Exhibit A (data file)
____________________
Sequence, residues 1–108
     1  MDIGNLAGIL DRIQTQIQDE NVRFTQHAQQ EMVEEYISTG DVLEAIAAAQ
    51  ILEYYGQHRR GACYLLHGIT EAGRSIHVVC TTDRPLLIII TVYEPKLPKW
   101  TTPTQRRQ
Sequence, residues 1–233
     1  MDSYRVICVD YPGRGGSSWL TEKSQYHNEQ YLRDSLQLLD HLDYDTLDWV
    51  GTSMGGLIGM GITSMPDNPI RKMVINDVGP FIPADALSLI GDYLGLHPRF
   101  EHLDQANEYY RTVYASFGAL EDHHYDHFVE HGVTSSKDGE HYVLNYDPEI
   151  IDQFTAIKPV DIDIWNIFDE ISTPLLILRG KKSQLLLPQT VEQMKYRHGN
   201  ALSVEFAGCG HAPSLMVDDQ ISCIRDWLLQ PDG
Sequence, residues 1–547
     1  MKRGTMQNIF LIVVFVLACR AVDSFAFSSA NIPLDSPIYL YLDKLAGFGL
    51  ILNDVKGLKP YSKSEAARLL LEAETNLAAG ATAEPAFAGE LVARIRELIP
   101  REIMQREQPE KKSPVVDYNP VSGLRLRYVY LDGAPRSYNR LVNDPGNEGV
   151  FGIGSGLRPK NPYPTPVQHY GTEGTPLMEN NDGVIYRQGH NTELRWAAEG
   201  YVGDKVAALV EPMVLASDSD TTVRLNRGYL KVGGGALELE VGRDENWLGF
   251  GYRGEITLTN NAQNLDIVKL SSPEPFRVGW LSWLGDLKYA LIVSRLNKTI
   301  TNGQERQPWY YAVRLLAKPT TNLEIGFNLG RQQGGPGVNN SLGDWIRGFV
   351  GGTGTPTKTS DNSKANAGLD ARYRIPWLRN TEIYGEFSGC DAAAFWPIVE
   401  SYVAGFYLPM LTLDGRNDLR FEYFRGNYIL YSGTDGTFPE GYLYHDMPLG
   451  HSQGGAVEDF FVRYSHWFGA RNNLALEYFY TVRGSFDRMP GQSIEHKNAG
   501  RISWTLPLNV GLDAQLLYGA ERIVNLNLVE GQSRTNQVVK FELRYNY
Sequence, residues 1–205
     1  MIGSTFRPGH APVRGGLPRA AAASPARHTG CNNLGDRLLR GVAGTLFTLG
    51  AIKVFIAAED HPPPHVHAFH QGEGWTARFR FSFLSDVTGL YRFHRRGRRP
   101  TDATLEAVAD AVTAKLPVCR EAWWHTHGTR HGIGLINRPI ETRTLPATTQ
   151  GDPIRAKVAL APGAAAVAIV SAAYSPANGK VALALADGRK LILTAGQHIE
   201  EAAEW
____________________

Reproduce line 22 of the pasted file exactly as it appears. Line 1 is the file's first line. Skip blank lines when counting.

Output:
   501  RISWTLPLNV GLDAQLLYGA ERIVNLNLVE GQSRTNQVVK FELRYNY